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Ministers dodge questions in parliament

Clemence Manyukwe

PARLIAMENTARY backbenchers are getting frustrated as they wonder at how Zimbabwean ministers have perfected the art of dodging questions posed by MPs.
Ministers either choose to attend to other business or simply walk out of the chamber until the ques

tion on the Order Paper is deferred to another date without a guarantee that the query will receive attention. Other ministers delegate colleagues to apologise on their behalf for the absence.
Cuthbert Masara was among guests in the public gallery at Parliament House on a Wednesday — a day reserved for the House of Assembly’s question and answer session — at the end of October 2004. 
Having narrowly escaped death at the Marondera Agricultural Show when soldiers used live ammunition at a mock military drill, he had come to hear answers on what really went wrong and the action the army had taken on the culprits.
Questions posed by MDC MP Giles Mutsekwa, a retired army major, had been on the Order Paper for three weeks. Shortly before the question was asked Masara watched in disbelief as Defence minister Sydney Sekeramayi left the chamber for the dining hall.
Because he was out of the chamber, the question was deferred to the following week. Conveniently, the minister emerged shortly afterwards when a report by the Parliamentary Privileges Committee which saw former Chimanimani MP Roy Bennett being sent to jail was presented.
Since October 2005, Mutsekwa has been trying to get an answer from Sekeramayi on the alleged security the government is providing to DRC president Joseph Kabila.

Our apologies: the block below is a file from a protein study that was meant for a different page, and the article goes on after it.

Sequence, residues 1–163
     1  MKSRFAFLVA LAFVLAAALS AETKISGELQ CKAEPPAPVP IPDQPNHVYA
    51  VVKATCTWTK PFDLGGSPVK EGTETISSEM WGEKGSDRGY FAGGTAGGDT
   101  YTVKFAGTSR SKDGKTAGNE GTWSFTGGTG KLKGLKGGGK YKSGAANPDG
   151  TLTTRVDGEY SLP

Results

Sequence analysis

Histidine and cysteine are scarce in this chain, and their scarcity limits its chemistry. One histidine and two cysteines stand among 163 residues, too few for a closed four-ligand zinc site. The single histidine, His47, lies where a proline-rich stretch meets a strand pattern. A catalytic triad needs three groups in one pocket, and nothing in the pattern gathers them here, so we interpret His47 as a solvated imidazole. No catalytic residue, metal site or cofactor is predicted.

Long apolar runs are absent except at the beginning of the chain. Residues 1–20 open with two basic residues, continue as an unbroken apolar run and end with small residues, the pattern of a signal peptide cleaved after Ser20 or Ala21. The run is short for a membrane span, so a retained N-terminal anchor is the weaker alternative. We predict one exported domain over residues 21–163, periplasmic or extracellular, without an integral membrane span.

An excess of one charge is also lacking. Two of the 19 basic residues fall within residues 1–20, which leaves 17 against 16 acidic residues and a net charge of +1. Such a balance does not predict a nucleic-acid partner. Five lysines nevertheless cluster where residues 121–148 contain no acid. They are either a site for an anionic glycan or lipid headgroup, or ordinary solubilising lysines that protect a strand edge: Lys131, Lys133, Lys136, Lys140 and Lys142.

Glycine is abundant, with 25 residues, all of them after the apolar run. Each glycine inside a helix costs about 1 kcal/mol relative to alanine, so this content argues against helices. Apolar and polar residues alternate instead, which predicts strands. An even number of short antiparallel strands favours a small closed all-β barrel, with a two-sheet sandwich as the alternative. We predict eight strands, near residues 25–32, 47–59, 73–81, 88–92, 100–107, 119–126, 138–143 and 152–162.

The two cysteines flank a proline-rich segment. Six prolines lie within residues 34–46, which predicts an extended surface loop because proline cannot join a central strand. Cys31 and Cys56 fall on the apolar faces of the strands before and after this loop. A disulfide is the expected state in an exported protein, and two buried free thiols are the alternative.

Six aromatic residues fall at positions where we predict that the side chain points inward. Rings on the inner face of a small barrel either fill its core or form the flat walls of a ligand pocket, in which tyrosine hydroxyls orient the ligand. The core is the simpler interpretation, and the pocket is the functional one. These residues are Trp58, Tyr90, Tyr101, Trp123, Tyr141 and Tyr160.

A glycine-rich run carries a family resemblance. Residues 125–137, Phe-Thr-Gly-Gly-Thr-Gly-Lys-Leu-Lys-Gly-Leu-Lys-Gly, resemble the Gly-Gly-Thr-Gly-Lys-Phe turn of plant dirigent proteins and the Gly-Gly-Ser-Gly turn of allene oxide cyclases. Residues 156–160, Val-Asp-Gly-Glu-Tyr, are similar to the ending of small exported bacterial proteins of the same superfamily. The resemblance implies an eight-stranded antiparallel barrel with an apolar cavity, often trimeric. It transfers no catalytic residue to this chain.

Up to now, the question has not been answered.
Mutsekwa is not the only legislator from the opposition or ruling party who has waited for months with his questions going unanswered by government ministers.
Parliament’s question-and-answer session generally reveals how a minister is versed with issues under his or her portfolio, judging by the way he or she tackles the issues raised.
In some cases, the responses reflect how government is accountable for its actions. But since the emergence of a strong opposition in 2000 many ministers have literally been caught napping by probing questions asked by the backbenchers.
They have responded by adopting a casual approach to parliamentary business to avoid thorny issues.
Mutsekwa believes that the appointment of non-constituency ministers has contributed to this as ministers pay allegiance to the person who appoints them, not the people they are supposed to serve.
For the past six years the problem of absentee politicians, some of whom show so much zeal during campaigns for polls by turning up at every political meeting or rally has continued unabated.
Those who turn up for parliamentary sessions have a generally halfhearted approach to the business of the House as they either skirt questions or provide no satisfactory explanations for legitimate concerns.